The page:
After their mighty beatdown of the Penguins, the Caps continue their homestand against the Detroit Red Wings. It’s unlikely that we’ll see a repeat of Wednesday night’s 7-1 demolition, but the Caps aren’t exactly facing tough competition in Detroit.
Mike Green and Co. are next-to-last in their division and have dismal possession numbers (the Caps are tied for the best score-adjusted possession team.) The Red Wings have also lost center Darren Helm to a shoulder injury. Suffice to say, things could be better in Motown. Tonight, the Caps have the opportunity to bag (what should be) two easy points and have some fun while doing so.
Puck drop at 7 PM on CSN-DC.
|Team||Record||Possession||PDO||Power Play||Penalty Kill|
|Detroit Red Wings||8-8-1||45.68%||101.4||17.5%||76.9%|
Nothing has changed–why would it?
Ovechkin – Kuznetsov – Burakovsky
Johansson – Backstrom – Oshie
Sanford – Beagle – Wilson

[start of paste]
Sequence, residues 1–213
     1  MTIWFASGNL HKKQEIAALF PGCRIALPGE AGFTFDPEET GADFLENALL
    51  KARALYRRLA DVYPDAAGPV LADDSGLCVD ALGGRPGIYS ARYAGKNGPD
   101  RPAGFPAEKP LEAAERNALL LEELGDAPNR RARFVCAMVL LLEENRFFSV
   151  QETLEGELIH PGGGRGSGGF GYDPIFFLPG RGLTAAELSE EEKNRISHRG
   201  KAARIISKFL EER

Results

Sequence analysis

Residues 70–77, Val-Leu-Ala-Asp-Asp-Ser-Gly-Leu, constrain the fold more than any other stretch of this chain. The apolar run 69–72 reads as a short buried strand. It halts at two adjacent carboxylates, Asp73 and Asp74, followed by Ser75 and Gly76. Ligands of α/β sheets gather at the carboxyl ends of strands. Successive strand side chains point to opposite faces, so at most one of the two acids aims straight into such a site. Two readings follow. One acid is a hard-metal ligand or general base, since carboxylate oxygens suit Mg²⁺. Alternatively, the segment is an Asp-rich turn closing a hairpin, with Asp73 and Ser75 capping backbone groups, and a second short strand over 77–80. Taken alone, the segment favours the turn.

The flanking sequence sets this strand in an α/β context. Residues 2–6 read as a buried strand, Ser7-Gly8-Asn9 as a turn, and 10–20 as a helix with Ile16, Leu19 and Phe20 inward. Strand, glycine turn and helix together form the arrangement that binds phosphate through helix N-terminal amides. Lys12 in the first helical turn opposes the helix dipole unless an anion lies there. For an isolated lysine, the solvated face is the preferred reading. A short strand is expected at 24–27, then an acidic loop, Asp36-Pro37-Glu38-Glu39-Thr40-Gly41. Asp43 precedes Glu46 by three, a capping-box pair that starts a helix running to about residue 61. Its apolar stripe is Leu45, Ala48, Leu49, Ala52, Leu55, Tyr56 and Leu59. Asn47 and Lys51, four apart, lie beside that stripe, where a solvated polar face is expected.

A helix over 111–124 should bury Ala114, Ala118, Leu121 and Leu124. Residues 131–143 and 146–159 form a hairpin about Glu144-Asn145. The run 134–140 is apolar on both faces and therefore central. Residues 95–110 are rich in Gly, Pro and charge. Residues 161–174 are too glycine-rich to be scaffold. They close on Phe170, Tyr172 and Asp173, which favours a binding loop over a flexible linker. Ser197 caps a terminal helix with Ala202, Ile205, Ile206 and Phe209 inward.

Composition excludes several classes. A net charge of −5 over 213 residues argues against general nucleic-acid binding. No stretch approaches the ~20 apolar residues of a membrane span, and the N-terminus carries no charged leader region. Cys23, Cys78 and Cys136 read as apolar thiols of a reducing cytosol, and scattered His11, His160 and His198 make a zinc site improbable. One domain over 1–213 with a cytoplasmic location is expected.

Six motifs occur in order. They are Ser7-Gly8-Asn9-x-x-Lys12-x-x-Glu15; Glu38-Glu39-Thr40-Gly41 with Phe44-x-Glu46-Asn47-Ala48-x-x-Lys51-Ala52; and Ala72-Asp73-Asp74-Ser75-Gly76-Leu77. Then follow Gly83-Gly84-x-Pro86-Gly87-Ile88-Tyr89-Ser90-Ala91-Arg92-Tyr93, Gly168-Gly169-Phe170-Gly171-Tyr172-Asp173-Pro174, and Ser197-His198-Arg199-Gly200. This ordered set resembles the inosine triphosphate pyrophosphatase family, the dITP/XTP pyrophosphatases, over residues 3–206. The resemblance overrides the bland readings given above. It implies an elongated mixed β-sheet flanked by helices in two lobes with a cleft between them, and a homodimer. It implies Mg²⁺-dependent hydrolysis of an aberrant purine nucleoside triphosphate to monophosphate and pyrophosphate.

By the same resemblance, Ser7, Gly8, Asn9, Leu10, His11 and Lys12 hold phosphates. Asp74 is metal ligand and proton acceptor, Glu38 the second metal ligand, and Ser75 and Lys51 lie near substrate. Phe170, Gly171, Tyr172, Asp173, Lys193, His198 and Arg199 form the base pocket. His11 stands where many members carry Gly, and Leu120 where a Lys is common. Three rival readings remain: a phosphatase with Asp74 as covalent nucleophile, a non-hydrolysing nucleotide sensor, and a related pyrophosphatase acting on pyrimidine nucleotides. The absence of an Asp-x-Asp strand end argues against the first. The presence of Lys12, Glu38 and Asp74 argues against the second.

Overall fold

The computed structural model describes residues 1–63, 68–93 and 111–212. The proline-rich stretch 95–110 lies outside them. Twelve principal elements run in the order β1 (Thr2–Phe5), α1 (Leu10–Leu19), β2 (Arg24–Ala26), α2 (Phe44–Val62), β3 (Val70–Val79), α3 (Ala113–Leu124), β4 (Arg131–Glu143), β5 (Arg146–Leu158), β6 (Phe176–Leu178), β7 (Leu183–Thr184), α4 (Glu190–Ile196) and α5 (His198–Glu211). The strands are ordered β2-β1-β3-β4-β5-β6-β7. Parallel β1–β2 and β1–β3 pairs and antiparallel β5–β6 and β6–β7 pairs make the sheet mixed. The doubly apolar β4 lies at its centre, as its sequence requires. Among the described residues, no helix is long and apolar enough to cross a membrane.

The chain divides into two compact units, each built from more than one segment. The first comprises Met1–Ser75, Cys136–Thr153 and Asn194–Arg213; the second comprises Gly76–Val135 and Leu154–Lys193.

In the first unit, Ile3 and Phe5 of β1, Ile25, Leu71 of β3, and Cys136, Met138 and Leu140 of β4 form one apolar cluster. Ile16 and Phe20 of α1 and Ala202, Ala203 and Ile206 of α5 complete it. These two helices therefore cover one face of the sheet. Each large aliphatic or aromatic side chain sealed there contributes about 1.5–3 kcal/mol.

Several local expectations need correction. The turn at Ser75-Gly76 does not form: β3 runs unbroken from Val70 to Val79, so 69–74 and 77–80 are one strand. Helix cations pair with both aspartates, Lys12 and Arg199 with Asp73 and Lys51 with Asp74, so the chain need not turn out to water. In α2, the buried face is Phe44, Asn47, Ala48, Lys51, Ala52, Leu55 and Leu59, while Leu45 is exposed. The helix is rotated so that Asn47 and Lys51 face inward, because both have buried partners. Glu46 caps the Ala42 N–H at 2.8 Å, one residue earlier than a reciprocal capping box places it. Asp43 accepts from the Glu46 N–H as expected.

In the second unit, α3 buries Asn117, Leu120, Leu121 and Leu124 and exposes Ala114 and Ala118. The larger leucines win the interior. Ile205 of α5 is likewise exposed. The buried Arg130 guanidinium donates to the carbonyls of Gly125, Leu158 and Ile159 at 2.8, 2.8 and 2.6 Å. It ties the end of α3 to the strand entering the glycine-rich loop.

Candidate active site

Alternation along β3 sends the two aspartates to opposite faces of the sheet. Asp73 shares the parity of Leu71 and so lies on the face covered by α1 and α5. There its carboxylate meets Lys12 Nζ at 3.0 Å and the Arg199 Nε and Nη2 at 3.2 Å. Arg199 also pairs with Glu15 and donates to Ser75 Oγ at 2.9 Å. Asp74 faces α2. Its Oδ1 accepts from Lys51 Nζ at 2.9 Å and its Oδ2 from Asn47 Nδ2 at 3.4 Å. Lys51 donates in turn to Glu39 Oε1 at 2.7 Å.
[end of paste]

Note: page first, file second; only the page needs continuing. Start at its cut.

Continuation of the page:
Connolly – Eller – Williams
Alzner – Niskanen
Orlov – Carlson
Orpik – Schmidt
Wednesday night’s rout was tied for the Penguins’ worst road loss since 2003. In 2003, the U.S. was planning to invade Iraq, French fries became Freedom fries, and Evanescence released their album Fallen. And the Penguins had an impressively bad showing against the Lightning.
The possibility remains that we’ll see NHL players in the 2018 Pyeongchang Winter Olympics. But what is hockey culture like in South Korea and the rest of Asia? When most (North) Americans think of professional hockey beyond the NHL and its affiliates, the KHL–and maybe the SHL come to mind.
Introducing Asia League Ice Hockey, which was established in 2003 and boasts teams from Japan, China, South Korea, and Russia. The league has been instrumental in growing the game in East Asia. Check out some snippets from a game between the Anyang Halla and Tochigi Nikko IceBucks.
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